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Do Nothing, Sometimes Good Remedy Published: Sunday, February 4, 2001 By: Dr. Manuel Angel Morales

Creative alternatives flow more easily when they are consistent with your uniqueness and your talents. Please, remember the saying: God created you for tasks that only you can perform.

When considering the alternative of a job change, a person may say: I like this; it feels right for me; I feel I have this special ability; it is intellectually and emotionally compatible. But then there may be undermining and circumstantial arguments: How can I do this? I am already 40 years old. I would need to spend extra money and time for learning and getting familiarized. This circumstantial arguments may be your initial and overwhelming reaction, but it vitally important that you don`t burden yourself with circumstantial negatives. Instead, recognize you may be weakening yourself and causing unnecessary tension by crushing you human gifts.

With this kind of alertness and awareness, use these initial negative thoughts to begin a deeper reflection. The importance of gaining conscience regarding your suitability and human uniqueness is directly related to the capacity or formulation of healthy and constructive action plan. Human beings need to develop a learning foundation for validating the accuracy of their perceptions with respect to reality. If you do not assess the data properly (beside being prompt to error) the alternatives that present themselves, upon which you may later base the development of an action plan, may complicate your life, rather than giving you resolution, relief and peace of mind. One can always read the look of a person that it is not at peace with himself. Human sight is always very much indicative… It establishes the degree of happiness or unhappiness that we carry in our bags.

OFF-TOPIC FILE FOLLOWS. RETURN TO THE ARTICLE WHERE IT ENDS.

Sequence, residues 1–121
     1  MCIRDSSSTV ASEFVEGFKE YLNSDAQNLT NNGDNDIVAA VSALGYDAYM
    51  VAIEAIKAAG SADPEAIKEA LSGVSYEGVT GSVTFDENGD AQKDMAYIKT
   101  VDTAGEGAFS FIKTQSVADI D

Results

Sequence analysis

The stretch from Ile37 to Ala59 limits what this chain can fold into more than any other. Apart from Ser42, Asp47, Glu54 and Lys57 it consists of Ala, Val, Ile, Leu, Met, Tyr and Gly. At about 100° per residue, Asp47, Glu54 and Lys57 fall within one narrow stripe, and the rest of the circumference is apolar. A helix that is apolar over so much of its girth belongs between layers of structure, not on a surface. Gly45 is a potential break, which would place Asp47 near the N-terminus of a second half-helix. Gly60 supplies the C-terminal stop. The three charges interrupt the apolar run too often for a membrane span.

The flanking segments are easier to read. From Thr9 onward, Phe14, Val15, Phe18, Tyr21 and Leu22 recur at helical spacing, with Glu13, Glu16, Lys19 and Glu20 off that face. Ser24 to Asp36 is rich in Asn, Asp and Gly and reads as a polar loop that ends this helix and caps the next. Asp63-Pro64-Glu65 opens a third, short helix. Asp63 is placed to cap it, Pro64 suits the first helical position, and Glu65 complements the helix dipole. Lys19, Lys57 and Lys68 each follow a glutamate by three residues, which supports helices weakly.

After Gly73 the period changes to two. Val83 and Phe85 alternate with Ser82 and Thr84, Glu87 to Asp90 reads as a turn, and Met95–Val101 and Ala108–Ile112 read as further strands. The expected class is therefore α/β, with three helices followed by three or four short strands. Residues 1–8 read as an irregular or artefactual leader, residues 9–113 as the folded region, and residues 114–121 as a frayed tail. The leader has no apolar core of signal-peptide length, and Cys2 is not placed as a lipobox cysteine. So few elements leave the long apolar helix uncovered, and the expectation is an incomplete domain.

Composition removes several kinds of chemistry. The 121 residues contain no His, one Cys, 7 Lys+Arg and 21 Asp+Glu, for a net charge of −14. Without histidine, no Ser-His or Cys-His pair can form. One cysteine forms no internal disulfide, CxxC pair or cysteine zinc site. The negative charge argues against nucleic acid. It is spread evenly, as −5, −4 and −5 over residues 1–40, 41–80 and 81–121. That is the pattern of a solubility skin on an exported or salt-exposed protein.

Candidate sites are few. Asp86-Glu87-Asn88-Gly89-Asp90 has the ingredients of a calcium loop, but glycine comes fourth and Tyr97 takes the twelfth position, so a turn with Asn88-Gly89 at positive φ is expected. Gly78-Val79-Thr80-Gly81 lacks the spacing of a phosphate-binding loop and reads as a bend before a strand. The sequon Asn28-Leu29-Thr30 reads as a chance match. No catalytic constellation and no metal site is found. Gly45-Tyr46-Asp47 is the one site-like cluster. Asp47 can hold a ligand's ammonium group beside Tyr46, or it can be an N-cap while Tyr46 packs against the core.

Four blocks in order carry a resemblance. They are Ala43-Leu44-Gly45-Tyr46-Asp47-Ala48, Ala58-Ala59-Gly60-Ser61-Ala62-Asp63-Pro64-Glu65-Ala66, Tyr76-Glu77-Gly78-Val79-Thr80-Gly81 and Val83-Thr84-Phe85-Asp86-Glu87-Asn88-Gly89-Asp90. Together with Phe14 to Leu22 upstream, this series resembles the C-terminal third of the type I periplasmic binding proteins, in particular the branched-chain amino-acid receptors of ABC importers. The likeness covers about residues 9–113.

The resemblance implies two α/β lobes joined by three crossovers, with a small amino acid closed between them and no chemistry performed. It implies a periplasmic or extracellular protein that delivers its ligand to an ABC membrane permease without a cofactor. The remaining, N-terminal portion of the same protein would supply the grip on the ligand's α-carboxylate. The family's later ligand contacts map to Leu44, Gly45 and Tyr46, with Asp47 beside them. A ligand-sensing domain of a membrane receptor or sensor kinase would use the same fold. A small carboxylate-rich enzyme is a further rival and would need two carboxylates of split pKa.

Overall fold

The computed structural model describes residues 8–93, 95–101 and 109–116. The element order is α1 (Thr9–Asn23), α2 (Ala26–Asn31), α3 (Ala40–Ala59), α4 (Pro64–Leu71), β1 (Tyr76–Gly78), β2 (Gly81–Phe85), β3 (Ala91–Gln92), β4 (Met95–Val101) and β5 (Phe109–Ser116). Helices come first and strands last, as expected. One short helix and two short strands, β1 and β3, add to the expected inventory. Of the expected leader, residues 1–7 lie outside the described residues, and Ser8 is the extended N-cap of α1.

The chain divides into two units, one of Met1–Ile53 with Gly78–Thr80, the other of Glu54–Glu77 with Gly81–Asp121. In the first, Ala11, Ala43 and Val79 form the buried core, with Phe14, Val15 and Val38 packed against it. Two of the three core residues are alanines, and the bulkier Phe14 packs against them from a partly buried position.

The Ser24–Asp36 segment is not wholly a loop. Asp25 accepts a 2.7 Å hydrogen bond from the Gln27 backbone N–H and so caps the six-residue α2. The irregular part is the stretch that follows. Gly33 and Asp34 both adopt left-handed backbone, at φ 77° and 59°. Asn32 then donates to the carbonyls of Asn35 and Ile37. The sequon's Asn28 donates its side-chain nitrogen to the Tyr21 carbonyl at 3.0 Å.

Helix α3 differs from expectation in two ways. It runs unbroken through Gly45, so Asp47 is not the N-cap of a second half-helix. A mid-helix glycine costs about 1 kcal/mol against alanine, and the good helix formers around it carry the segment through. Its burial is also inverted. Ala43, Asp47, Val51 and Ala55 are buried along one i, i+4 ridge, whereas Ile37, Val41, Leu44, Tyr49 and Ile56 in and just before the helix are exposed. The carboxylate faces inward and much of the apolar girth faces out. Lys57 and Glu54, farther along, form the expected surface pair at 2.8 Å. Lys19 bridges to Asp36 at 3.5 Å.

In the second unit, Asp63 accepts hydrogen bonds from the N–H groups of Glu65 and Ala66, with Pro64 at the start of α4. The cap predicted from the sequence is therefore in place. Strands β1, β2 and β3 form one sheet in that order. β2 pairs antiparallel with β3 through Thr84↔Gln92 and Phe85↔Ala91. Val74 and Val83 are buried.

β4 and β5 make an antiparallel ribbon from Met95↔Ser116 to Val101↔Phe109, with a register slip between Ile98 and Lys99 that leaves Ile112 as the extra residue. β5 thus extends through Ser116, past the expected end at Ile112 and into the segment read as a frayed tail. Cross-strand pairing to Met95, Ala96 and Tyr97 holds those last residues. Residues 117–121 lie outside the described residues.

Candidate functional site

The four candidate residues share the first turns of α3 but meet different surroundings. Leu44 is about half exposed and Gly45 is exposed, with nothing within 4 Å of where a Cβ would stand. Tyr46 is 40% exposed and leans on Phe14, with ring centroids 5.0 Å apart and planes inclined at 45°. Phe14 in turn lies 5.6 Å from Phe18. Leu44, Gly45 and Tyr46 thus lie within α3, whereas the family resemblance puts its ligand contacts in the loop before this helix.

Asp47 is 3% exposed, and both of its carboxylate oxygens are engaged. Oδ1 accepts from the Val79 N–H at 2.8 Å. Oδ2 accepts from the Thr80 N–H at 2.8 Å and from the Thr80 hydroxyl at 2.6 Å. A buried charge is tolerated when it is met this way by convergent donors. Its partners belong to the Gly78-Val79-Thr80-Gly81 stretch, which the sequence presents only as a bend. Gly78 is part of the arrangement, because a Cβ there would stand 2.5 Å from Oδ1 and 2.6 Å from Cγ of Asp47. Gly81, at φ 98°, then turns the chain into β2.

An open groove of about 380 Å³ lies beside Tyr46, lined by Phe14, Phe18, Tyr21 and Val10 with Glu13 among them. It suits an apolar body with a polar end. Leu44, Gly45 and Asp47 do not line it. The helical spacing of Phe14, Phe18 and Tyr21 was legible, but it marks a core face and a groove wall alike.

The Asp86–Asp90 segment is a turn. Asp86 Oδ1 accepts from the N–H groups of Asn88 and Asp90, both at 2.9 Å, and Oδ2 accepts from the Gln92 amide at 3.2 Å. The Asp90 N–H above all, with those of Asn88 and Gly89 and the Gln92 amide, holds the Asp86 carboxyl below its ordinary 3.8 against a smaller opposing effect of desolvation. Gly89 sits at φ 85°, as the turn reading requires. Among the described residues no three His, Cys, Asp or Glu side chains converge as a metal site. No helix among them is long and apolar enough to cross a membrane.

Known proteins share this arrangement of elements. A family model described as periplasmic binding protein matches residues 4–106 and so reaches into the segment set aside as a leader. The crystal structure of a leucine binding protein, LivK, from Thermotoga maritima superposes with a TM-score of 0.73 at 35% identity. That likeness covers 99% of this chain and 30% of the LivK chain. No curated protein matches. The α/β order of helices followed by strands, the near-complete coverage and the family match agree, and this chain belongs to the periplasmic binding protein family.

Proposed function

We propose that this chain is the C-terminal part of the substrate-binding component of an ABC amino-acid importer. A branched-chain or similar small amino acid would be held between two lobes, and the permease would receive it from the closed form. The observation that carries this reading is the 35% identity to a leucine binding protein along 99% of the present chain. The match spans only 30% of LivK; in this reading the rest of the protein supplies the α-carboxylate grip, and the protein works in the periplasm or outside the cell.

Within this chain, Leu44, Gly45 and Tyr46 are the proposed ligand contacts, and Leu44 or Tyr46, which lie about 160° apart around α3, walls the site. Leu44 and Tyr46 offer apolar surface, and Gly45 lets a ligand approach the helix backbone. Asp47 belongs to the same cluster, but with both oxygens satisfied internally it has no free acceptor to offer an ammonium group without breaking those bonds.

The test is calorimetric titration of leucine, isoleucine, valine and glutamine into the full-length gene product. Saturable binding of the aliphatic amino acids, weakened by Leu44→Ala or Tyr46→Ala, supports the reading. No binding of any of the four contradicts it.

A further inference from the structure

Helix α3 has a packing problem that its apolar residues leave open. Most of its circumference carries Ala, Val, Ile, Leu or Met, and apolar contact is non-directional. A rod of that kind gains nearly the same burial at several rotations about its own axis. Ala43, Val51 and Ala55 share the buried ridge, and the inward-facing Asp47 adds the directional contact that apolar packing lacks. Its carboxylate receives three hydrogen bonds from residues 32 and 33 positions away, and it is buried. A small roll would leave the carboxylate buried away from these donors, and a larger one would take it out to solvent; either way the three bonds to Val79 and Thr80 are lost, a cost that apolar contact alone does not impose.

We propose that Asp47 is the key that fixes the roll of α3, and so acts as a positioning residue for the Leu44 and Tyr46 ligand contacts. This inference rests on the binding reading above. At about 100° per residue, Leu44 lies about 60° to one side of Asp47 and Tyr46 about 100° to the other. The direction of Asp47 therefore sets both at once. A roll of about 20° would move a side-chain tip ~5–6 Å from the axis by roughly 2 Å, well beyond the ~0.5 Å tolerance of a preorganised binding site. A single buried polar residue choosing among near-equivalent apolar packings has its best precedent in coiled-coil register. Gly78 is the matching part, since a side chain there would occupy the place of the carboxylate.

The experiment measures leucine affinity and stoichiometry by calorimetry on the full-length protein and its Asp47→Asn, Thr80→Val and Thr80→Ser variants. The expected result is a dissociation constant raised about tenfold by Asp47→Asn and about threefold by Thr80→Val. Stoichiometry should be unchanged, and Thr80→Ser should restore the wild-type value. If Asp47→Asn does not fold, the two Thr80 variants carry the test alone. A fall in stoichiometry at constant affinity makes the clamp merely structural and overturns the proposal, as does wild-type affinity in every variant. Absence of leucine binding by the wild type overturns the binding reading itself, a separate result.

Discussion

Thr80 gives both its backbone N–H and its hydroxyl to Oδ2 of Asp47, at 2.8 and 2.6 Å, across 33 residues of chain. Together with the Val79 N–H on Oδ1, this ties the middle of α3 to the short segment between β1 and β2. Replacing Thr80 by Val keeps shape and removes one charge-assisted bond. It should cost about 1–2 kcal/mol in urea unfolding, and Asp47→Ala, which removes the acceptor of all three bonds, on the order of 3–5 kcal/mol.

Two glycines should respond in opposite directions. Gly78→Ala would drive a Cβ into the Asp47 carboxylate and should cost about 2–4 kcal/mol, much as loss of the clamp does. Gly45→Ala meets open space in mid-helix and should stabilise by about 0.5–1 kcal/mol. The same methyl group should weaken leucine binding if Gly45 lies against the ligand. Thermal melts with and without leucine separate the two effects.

A constructive suggestion: make notes of your ideas for alternatives. Establish if each of the alternatives scenarios allow you to be authentic. Don`t use your the reflection process as a vulgar excuse to delay or escape commitments and decency by jumping from one alternative to the other being afraid of what to find out or not wanting an answer.

No matter how many alternative scenarios you see before you, you must have the courage and tenacity to follow through with one to successfully resolve problems, tense or conflictive situations.

Let me share with, you, my friendly reader, the beauty of life paradox: On certain occasions, inaction will prove to be the alternative of choice, if that inaction has really been thought out and is based on decision rather than trepidation and indecision. One has to manage the tendency to act in a visceral manner. During the last few months I had the opportunity of practicing with his admonition coming way back from Hipprocrates: "To do nothing is sometimes a good remedy" Try it. It works very well.


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